Review Of Black Majority

1676 words - 7 pages

Peter Wood's Black Majority is a clear and distinctive history of the English South Carolina Colony. He unravels their history through an examination of the black population in the colony from 1670 through the aftermath of the Stono Rebellion. Following the course of Wood's examination we are able to obtain a social, political and economic understanding of life in South Carolina during this time.Only after reading Black Majority can one come to understand the astronomical impact that the African indentured servants and slaves had on the success of the colony. But in the same regard one will also realize the negative impact the lopsided African population had on the Carolina colony.After ...view middle of the document...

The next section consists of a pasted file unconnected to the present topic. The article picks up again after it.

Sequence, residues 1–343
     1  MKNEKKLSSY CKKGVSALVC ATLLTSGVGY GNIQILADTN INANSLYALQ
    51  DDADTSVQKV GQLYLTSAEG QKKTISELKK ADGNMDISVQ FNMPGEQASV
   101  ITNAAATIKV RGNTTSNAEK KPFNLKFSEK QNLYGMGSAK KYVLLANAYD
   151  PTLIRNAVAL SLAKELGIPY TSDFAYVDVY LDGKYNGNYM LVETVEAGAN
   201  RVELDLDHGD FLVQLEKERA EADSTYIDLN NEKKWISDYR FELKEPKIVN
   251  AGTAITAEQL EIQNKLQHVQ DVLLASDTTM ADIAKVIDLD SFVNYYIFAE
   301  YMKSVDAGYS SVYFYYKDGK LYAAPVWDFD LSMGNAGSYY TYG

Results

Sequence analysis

African slaves proved to be the most economical and skilled as they drastically improved every trade industry that they embodied including the most profitable ones.Before rice emerged as the Carolina staple crop around 1700, timber production in the Carolina colony stimulated Carolina's economic growth. This industry was jump started by the need for wood for sugar production in the Caribbean colonies, construction in Charlestown and for Naval stores being built in response to renewed tensions with France. The success of the timber industry heavily relied on African slave labor and skills which had become a recognized tool in the success of every industry that the colonist pursued.This reliance on African knowledge particularly rang true with rice crops. Early rice production attempts had fallen short of expectations and proved to be difficult for Europeans to cultivate. Not until the connection between Africans and their abilities to grow rice was it a crop worth pursuing. African slave knowledge of rice development, brought from the West African cost where rice production was abundant, made them very attractive to English colonists.As the economy expanded rapidly so did the population of blacks. Within the first twenty-five years of the colony it was projected that one out of four inhabitants in the Carolina colony was black, but by the time the Royal government took over in 1720 the population of blacks was larger than that of the whites and had been so for a decade . Between 1720 and 1740 the black population exploded from about 12,000 to almost 40,000, a 38,000 person increase, in comparison to the white population which increased about 13,500 during the same period .Wood points out another possible explanation of the population boom is perhaps the white settler's realization that the sub-tropical dieses did not affect the African population as much as it affected the un-adapted white European population. One Carolina colonist said, "We have been Afflicted with very great Sickness & Mortality in this Town for some Past, & has been very fatal to Strangers & Europeans especially" . A notable Charlestown doctor added later, "That subjects which were susceptible of this fever, were both sexes of white color, especially strangers lately arrived from cold climates" .As the population of black residents increased, the white settler's fears of being dominated by their slaves increased. As Wood protests, "Concern stemmed first from a simple awareness of numbers" . English colonists paid close attention to uprisings and violent out-lashes that were covered in the Gazette, the local Charlestown newspaper. Even closer attention was paid to news of disorder that came from the closely linked Caribbean Colonies. In relation to these fears the Carolina colony made attempts to curb the flow of immigrants from Africa and increase the flow of European immigrants for labor reasons, but it failed to be voted into law.Although no limitation on ...


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